Hornick Waiting For Road Fixes, Mitigation Project A Year After Flood
A year ago, water from the West Fork of the Little Sioux River overtopped a levee and flooded the western Iowa town of Hornick. The town is still recovering, and waiting for future flood mitigation.
The Woodbury County town with a population of 220 was awarded nearly $2.1 million last year to build a protective barrier called a berm around the city to prevent future flooding. The berm will be built 3 feet above the town's 500-year flood elevation, which last year's flood came close to. Hornick Mayor Scott Mitchell said the town is still waiting to start the berm project, which will depend on when they get money from FEMA for road repairs.
“When we were designing the berm, we decided to reuse the dirt that was going to be coming out from underneath the roads for part of the dirt for the berm,” Mitchell said.
The dirt is coming from underneath roads in the city that flooding damaged last year. Cleanup efforts that included hauling heavy equipment in town further damaged and ruined some of the streets, Mitchell said.
“They’re really tore up,” Mitchell said. “They’ve got lots of potholes.”
Mitchell said more than half of the dirt from the road repairs will be the core dirt for the berm. The berm itself will only take two to three months to build once the town has the dirt.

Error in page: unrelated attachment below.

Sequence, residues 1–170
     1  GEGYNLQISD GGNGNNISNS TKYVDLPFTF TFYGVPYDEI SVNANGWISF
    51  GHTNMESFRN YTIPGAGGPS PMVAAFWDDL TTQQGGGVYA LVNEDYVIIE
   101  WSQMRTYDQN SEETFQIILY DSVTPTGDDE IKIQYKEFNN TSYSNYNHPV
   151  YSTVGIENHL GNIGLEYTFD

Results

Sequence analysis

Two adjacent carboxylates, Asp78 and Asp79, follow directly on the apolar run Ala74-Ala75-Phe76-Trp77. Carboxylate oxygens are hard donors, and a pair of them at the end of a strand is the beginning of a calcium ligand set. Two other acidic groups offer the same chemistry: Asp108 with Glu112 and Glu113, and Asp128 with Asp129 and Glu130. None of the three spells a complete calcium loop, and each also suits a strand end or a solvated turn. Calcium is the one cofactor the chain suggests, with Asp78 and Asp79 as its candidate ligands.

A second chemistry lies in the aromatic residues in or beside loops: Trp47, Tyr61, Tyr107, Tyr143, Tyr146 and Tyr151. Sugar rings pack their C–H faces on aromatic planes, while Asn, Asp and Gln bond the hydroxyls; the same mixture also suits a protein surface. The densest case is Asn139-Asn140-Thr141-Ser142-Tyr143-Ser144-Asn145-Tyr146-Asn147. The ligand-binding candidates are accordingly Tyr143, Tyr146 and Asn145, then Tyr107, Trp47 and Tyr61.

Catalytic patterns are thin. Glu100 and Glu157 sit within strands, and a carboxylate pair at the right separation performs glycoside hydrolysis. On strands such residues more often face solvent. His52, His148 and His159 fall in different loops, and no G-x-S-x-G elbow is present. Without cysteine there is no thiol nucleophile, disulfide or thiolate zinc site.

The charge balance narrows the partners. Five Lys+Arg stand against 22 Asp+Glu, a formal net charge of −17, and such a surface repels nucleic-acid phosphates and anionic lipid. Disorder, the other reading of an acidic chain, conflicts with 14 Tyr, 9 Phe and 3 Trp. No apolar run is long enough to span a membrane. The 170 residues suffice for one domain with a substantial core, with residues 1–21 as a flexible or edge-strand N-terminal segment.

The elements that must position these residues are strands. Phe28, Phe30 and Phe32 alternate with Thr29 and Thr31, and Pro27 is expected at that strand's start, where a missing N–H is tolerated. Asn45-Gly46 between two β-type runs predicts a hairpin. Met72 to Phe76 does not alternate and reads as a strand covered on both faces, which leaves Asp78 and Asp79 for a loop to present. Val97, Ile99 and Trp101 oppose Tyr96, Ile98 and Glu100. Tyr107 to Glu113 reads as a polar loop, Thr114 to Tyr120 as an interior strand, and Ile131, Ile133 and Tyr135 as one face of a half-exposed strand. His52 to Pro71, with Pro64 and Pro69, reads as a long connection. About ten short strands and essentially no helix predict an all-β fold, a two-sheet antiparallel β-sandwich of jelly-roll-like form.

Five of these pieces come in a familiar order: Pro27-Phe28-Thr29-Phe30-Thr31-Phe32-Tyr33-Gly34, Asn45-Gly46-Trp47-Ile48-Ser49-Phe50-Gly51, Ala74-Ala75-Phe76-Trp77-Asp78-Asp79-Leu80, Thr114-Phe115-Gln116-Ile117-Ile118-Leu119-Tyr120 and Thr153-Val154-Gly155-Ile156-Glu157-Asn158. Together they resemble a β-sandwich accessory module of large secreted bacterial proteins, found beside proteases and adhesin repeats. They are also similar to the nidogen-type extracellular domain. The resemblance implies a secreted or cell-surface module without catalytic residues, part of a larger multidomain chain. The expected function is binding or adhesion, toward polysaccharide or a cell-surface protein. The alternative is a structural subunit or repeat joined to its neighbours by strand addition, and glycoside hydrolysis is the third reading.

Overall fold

Hornick leaders have been talking about building a berm since the 1996 flooding, but they couldn’t find the funding until $15 million was put into the Iowa Flood Recovery Fund last year. During a town hall meeting in late September after Hornick found out it was awarded funding, Mitchell said he was overjoyed. “You guys all don’t know how happy I am. You really don’t,” he said. “You really don’t.” Hornick would eventually like to put a walking trail on top of the berm.
The town has come a long way in recovery over the last year, but still has a long way to go, Mitchell said. Some people have repaired everything. Other are still working on their homes and trying to get things back to normal.
“Recovery-wise, I always thought we’d recover quick,” Mitchell said, “but I’m going to say it’s probably two to four years until we’re fully recovered. A lot of people are still working at repairing their basements and as they have the money they buy what they need to fix it.”
Drone video of Hornick on March 17, 2019 from the Woodbury County Sheriff's Office, posted by Woodbury County Emergency Management: